It’s been 17 years since Hugh Jackman sprouted the adamantium claws as Logan, aka Wolverine, in 2000’s X-Men. Through eight movies, Jackman has become synonymous with the character, creating an iconic figure on the big screen. Even when the films didn’t quite hit the mark (X-Men Origins: Wolverine, I’m looking at you), Jackman still embodied the role well and made him supremely watchable. Perhaps no other actor has been fitted to a comic book icon as well as Jackman has with Logan. And now, with a new film terrifically directed by James Mangold, the character comes full circle, and gets the finale he deserves.
Logan begins with our titular character in a bad way, sleeping in the limo he’s taken to driving to make a living. It’s 2029, and mutants have all but disappeared from the Earth. A group of thugs tries to steal the wheels of the limo, and right from the outset the film earns its R rating. Fight scenes are brutal and graphic throughout, with the salty language to match. Logan gets approached by a nurse (Elizabeth Rodriguez) asking for his help in getting a young girl named Laura (an outstanding Dafne Keen) across the Canadian border to a safe haven. Logan at first refuses, as he has his old teacher and friend Charles Xavier (Patrick Stewart, once again a delight in the role) to watch out for. He’s also visited by Pierce (a suitably villainous Boyd Holbrook), who works for an outfit searching for the girl. Needless to say, things get a bit bloody and chaotic as Logan, Charles, and young Laura go on the run.
The trio give the movie a strong center, and help focus its main theme of family. Logan has generally been a loner, only when he was part of the X-Men did he truly have a group to belong to. The relationships are well defined and explored. Charles and Logan have a dynamic father-son relationship. It’s obvious there is a great amount of love and respect between them, even when both expose their more cantankerous selves. There’s also the great father-daughter relationship between Logan and Laura, bringing the character full circle from the first X-Men movie where he cared for and protected Rogue. Logan once more rises to the occasion to protect a group of children from sinister forces, as he did in X-2. Of course, these kids being mutants aren’t completely defenseless, but they don’t have enough power to completely keep them safe without help.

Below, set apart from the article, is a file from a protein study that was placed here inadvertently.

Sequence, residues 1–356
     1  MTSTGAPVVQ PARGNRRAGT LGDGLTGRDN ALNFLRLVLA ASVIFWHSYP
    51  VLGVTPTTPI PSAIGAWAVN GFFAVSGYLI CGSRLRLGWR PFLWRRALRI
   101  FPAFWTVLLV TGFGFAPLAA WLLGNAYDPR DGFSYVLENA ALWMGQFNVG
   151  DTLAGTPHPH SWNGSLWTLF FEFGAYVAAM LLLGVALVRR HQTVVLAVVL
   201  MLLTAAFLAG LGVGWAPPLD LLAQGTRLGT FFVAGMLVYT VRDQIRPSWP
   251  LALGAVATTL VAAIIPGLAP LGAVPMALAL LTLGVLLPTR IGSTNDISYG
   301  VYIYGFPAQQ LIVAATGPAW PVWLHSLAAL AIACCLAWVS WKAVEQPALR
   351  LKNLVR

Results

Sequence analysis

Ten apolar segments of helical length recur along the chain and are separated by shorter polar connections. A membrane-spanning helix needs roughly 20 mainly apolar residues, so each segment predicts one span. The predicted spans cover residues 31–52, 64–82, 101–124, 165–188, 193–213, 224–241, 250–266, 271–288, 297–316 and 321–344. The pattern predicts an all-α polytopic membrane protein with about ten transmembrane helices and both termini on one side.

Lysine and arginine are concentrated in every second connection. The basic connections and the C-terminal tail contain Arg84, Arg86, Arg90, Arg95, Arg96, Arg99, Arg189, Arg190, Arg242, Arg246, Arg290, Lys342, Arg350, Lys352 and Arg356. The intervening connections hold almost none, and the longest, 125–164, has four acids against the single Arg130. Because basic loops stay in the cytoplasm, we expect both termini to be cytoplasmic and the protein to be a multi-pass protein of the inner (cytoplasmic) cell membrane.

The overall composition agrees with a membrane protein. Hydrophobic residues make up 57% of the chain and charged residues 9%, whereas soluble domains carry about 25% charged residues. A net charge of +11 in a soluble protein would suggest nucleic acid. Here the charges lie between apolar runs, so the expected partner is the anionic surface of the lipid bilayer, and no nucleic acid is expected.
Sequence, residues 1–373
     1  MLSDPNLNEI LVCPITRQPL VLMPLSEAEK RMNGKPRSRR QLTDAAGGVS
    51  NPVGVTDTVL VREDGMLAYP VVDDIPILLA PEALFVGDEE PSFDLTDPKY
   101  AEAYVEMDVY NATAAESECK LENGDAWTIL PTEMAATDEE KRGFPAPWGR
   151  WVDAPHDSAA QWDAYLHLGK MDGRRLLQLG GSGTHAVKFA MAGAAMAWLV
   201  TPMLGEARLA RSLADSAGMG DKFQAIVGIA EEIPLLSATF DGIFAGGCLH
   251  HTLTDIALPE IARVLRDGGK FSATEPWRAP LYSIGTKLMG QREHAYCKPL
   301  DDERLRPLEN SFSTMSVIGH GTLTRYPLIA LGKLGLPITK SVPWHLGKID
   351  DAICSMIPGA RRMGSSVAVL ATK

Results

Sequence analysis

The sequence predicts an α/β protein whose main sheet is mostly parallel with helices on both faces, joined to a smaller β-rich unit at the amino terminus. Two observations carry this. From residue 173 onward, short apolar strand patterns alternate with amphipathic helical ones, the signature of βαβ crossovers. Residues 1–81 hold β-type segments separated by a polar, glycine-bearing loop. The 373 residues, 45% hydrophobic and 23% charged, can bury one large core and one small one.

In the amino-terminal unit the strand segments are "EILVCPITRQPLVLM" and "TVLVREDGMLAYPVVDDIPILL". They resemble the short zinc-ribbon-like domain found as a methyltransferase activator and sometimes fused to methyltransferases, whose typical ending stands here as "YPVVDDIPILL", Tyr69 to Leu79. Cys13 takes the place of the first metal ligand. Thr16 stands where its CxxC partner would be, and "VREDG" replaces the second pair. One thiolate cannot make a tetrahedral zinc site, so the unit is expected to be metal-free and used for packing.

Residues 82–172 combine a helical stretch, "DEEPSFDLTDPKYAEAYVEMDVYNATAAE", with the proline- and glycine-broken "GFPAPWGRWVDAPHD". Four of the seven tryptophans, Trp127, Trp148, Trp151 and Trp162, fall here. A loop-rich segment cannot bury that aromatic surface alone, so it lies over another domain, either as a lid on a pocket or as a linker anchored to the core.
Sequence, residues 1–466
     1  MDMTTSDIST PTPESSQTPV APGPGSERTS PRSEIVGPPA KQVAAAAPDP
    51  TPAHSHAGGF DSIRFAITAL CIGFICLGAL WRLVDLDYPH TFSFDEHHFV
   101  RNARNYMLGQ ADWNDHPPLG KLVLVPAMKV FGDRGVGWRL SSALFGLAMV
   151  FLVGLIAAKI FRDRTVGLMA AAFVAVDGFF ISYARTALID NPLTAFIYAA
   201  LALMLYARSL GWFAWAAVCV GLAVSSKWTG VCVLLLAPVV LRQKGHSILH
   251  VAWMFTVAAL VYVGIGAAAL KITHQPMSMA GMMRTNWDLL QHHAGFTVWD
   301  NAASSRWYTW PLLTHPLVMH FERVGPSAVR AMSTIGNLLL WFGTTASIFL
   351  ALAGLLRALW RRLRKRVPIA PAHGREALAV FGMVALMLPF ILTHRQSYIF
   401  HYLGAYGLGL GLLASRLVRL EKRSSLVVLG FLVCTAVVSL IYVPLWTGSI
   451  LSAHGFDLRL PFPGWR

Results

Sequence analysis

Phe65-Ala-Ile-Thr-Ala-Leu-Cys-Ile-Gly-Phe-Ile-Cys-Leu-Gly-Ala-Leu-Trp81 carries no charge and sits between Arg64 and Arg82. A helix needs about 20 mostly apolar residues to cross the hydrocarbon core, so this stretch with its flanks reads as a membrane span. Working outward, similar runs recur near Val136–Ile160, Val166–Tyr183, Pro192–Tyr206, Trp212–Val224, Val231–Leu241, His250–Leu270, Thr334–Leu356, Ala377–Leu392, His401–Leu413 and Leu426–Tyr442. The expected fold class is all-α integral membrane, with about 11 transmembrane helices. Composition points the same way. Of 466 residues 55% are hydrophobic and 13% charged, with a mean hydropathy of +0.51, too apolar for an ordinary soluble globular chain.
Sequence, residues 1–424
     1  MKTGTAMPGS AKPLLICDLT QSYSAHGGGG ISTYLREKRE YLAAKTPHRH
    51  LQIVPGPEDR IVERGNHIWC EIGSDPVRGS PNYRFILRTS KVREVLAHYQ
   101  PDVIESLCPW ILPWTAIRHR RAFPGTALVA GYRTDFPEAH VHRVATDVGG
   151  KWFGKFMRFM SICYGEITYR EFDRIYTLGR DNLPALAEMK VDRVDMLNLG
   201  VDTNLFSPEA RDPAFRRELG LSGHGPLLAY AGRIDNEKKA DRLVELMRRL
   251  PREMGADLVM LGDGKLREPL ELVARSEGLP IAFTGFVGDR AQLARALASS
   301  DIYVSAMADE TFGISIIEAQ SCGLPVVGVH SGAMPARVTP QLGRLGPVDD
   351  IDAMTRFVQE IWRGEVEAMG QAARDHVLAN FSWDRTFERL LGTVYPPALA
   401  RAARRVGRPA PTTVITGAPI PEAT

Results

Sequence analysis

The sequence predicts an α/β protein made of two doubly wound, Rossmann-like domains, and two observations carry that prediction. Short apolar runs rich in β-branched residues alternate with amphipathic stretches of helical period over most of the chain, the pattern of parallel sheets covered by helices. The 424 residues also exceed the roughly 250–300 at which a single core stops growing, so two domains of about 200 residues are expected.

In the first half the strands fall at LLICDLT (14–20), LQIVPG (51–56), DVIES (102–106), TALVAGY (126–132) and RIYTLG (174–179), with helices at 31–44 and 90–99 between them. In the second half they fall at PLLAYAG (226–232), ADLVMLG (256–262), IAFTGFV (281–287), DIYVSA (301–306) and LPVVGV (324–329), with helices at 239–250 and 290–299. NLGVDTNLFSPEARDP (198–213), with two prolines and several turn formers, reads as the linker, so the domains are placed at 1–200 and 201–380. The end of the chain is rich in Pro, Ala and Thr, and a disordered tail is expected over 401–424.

Again, the group of mutant kids echo the film’s theme of family, as they’ve come together to seek out a safe haven on the other side of the border. The bit with immigration and the borders give the film a timely feel considering the current political climate in the US, and yet it doesn’t stop to shove an overtly political message down the audience’s throat. Instead, it does a great job of maintaining its focus on the family dynamic, whether it’s Logan making sure Charles gets his medicine to keep his powers in check or Laura sitting watching the western Shane with Charles. The film has a couple of meta moments,used to fantastic effect, showing X-Men comic books and even a classic Wolverine action figure. The scene from Shane may at first appear to be filler, but when the film echoes back to it that scene takes on a more emotional impact.